To get started, here’s an analogy to think about. Your cousin’s birthday is coming up soon and you need to buy her a present. The problem is you don’t know her well enough to know what to get her. After thinking for days, you finally decide on buying her a handbag because you remember that she doesn’t have one yet. On the day of her birthday, you give her the handbag. She says thank you, but it’s clear that she doesn’t like it. Turns out, your cousin doesn’t have handbags because she could never fit all her belongings into a handbag and prefers using backpacks. At that point, you realize that the handbag will only be stored at the back of her closet, never to be used.
Designing a software is much like buying a present for someone. If you start creating your software without a good understanding of the user’s wants and needs, it’s almost certain they won’t find your software valuable for them. The best way to gain that understanding is through user personas. It is a powerful tool used to identify users and get a better understanding of their needs. Personas serve as a guideline to creating products and features that the users will actually find useful and enjoyable.
What is a User Persona?
A user persona is a fictional representation of a product’s targeted users. Personas are composed from information such as profile (name, age, occupation), goals, personality, pain points, and motivations. The information given in personas should be able to answer some fundamental questions such as:
- Who are the users?
- What are their needs?
- What are the obstacles that are preventing them from fulfilling their needs?
Why Create a User Persona?
One of the benefits that comes with creating and using a persona is that it creates a better sense of empathy. User personas facilitate designers by helping them relate to the users and make better decisions accordingly. By relating to the user’s goals, pain points, and motivations, we can steer clear from potential frustrations and prioritize on actualizing the user’s needs.
Avoid Personal Biases
When ideating the software, sometimes it is easy to get carried away into creating the features and designs that we want and need. In reality, what we want and need aren’t always the same as what the targeted users want and need. These biases can be minimized with user personas. Creating a user persona can help us embody the users and see things from the user’s perspective.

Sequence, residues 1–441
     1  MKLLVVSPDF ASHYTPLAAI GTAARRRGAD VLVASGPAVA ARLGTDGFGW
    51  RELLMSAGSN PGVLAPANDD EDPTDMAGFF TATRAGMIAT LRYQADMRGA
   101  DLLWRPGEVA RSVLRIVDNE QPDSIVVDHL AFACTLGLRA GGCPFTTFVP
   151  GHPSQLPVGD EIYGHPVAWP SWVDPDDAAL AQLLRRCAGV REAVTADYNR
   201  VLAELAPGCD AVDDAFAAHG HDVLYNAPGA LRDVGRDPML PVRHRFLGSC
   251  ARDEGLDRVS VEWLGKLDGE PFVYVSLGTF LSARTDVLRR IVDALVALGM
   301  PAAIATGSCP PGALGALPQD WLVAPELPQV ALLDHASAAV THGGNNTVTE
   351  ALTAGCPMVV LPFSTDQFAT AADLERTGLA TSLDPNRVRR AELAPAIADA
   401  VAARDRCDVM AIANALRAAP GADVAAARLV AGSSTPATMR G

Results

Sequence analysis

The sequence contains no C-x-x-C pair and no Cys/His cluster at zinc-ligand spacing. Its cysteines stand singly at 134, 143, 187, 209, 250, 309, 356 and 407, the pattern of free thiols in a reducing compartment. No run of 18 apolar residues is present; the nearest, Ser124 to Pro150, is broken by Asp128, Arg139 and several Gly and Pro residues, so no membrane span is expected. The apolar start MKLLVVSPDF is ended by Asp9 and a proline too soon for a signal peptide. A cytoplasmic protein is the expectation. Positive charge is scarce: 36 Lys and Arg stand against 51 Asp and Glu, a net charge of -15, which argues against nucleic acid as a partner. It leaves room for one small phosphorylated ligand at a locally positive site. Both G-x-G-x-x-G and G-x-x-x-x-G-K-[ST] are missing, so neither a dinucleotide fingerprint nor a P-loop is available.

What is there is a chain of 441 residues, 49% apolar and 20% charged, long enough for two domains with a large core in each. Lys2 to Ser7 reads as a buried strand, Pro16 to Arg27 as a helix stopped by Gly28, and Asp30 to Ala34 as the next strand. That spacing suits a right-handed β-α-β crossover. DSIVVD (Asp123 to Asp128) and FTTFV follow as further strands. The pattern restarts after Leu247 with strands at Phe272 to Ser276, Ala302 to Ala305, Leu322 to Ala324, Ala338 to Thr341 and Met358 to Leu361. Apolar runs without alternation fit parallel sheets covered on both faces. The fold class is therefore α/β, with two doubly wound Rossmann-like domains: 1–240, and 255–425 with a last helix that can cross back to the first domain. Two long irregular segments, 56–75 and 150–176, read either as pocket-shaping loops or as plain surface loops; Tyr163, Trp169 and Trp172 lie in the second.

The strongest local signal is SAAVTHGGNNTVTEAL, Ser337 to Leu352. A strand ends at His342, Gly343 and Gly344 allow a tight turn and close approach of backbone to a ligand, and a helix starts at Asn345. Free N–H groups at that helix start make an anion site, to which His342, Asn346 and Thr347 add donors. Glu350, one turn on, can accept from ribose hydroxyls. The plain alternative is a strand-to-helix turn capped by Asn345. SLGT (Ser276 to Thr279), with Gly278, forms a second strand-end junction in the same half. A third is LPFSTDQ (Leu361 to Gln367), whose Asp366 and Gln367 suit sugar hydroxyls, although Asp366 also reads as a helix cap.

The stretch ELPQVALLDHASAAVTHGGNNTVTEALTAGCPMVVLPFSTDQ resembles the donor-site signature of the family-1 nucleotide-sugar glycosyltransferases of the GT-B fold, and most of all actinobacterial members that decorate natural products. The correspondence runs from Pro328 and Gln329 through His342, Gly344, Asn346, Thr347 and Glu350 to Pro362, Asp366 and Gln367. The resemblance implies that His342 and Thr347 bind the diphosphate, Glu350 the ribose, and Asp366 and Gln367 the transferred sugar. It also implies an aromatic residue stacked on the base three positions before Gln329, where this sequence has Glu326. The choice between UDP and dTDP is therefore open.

How to Create a User Persona?
Do Your Research
Personas aren’t just based on personal opinions or intuitive guesses. Personas should be based on real life user data and research in order to be good guidelines. User researches can be done via interviews, questionnaires, and observations with participants that reflect your target audiences. During these researches, focus on observing the participant’s mindsets, personalities, and behaviors. The more user data collected, the more realistic the persona can be.
Analyze the Data
After collecting your user data, it’s time to analyze the data. Look for any behavioral patterns or similarities, then group those responses together. Each group will represent each core user that serves as a base for your personas.
Create Your Personas
Once you have your grouped data, use them as a guideline to create your personas. Start bringing you personas to life by describing them in a way that feels realistic based on your data. Projects that aim to reach different types of users may need more than one persona, but don’t go overboard with the number of personas created so you can still keep your focus.
User Persona Example
For example, the document above is a persona made for my team’s IT Project’s class project, DocSer. To add context, DocSer is a search engine integrated with Google Drive that returns contextual results. Our persona is an employee that constantly uses Google Drive to store his files. He is practical and likes to get jobs done quickly. One thing that slows his job down is Google Drive’s original search engine that doesn’t show the contents of the files. As a result, he has to open the files one by one to find the file he is actually looking for.
Having this persona as a guideline really helped our team in the designing process for DocSer. It became a lot easier to relate with the targeted users and make better decisions. Following the persona, we wanted to make the design and features practical and accessible. We kept the mockup simple, so users can navigate through the software quickly. We also highlighted the search words so users can easily skim through the search results and find their documents quicker.